Landscape gardener, Richard Dunn, of Kirton, died after accidental cocaine overdose

Beacon House, in Ipswich, where the inquest took place. Picture: SU ANDERSON

Beacon House, in Ipswich, where the inquest took place. Picture: SU ANDERSON - Credit: Su Anderson

A Suffolk detective has warned of the hidden dangers of cocaine during an inquest into the death of a man from Kirton who accidentally overdosed on what the officer described as “an extremely common drug”.

Richard Dunn, 22, of Innocence Lane, was found unresponsive in his bedroom on the morning of Monday, September 21, 2015, the inquest heard today.

A post-mortem examination found he had 7.55 micrograms of cocaine per millilitre of blood - just one microgram per millitre is potentially fatal.

The court heard that 6.87 grams of a pure form of cocaine was found in Mr Dunn’s bedroom, the drug was 80% pure which is much higher than most forms sold.

Mr Dunn, a landscape gardener, was a regular drug user and had been socialising with friends the night before.

On the morning of his death he had spoken to his stepmother Venus Dunn at 7.30am and she said he appeared to be drunk, the inquest, at Beacon House in White House Road, Ipswich, was told.

Mr Dunn was later found unresponsive by friend Nathan Jones, who was picking him up for work, and Mrs Dunn was alerted.

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Paramedics were called to the house but Mr Dunn was declared dead at 11.14am.

A family statement read out to the court said it was “lucky” that other people had not suffered a similar overdose.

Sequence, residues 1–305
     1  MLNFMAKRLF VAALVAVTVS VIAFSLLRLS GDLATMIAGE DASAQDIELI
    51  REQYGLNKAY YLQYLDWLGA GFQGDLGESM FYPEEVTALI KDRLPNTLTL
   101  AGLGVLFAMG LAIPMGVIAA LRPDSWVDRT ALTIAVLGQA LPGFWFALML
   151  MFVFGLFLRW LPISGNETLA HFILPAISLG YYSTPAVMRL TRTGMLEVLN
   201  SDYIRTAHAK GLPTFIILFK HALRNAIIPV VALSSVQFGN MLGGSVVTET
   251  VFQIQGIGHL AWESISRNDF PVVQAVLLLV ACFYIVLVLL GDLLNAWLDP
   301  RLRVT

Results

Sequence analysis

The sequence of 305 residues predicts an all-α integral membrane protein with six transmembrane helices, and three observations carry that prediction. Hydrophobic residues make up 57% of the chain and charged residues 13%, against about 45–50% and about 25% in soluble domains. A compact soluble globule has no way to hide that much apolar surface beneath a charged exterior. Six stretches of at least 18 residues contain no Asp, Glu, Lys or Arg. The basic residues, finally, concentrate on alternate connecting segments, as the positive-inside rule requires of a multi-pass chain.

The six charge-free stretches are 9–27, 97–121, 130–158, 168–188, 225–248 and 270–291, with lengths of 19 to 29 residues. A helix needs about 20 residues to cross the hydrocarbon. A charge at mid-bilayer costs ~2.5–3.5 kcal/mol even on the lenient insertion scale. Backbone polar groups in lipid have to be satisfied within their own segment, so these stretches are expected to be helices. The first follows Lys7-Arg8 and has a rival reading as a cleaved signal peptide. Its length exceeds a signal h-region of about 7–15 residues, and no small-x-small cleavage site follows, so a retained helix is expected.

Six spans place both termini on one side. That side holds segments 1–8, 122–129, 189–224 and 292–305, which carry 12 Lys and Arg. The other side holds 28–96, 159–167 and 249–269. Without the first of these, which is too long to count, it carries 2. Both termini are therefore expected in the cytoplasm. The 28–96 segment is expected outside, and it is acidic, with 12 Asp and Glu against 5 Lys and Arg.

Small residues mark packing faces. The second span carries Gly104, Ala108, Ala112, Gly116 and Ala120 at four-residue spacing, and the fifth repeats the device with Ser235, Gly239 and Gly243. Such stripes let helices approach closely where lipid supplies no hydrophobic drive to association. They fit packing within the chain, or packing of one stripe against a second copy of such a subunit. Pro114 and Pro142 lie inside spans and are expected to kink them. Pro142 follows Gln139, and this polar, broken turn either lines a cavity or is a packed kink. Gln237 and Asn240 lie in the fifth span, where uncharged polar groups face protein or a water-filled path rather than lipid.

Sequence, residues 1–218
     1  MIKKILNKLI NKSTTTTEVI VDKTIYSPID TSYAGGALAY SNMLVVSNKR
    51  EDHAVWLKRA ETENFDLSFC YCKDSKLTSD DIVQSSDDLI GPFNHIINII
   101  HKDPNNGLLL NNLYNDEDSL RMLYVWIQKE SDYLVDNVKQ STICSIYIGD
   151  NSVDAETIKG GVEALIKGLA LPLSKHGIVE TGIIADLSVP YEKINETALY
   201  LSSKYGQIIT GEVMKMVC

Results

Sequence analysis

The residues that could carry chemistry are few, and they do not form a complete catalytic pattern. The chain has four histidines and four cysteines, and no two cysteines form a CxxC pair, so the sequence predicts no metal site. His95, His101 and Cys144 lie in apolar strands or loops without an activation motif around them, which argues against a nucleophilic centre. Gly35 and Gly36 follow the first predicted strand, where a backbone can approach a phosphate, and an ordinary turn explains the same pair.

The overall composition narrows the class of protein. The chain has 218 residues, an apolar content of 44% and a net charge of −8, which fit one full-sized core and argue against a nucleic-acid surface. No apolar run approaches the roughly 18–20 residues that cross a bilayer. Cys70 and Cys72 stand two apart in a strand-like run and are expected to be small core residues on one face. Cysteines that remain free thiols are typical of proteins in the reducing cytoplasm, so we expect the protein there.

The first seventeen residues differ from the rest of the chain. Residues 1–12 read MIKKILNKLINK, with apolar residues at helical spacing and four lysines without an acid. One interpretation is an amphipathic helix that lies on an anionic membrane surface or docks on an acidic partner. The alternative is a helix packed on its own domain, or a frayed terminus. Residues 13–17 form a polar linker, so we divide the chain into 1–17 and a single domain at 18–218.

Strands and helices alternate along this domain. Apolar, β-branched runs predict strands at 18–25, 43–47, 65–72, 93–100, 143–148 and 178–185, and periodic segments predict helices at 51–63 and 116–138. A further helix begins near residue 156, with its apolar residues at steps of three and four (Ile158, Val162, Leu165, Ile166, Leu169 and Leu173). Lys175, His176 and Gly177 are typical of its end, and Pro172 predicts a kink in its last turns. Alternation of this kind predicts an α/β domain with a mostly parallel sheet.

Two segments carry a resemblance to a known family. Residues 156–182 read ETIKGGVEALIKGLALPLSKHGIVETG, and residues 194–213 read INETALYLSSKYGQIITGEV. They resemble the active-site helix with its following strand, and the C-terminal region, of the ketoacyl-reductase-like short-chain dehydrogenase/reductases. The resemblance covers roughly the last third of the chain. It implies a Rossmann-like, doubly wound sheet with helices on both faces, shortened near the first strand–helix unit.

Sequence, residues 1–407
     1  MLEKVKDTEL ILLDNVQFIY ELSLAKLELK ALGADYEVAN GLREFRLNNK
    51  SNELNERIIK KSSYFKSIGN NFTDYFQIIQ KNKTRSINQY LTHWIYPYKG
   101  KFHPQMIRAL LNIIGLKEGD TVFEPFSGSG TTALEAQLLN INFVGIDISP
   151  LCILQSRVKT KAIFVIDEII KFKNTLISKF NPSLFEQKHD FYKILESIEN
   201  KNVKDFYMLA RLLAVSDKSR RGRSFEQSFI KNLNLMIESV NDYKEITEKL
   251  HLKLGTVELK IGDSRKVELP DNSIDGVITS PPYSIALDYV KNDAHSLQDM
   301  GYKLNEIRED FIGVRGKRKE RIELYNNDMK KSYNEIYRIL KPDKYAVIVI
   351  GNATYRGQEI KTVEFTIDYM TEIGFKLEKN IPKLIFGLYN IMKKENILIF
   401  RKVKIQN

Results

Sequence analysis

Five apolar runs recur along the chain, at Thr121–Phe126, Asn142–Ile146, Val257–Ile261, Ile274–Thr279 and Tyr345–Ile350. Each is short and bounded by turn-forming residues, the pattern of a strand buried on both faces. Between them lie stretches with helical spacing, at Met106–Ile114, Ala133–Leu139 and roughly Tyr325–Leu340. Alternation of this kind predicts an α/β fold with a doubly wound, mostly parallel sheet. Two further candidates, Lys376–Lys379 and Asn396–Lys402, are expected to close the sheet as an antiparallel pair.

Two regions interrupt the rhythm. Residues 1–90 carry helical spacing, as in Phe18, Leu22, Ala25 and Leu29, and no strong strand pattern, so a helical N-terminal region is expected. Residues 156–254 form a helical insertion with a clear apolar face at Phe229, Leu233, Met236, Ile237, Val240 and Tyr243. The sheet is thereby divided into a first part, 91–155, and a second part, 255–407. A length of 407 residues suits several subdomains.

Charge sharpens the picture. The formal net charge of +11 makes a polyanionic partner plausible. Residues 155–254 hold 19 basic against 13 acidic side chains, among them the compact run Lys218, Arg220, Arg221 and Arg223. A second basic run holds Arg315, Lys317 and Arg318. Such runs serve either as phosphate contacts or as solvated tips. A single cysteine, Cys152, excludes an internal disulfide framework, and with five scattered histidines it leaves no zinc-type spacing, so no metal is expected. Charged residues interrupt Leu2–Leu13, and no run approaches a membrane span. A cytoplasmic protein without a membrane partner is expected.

Police opened an investigation into the death and, giving evidence, Detective Constable David Daly said officers did everything they could to bring a prosecution in the case.

The court was told a man had been arrested on suspicion of supplying a Class A drug, but there was not enough evidence to bring the case to court.

Det Con Daly warned of the “hidden dangers” of cocaine. He told the court: “Cocaine is an extremely common drug in society these days. It is a drug of choice.”

A statement read from Suffolk Constabulary’s drug expert Scott Moledina said buyers of high-quality cocaine did not have to consume as much “to get high”.

It said: “If you (usually) take much lower quality (cocaine), you may not take as much as you usually do.”

Assistant coroner Nigel Parsley said it was not clear if Mr Dunn was aware how pure the cocaine was but said he had no intentions of ending his life.

Mr Parsley recorded a verdict of an accidental overdose of cocaine.

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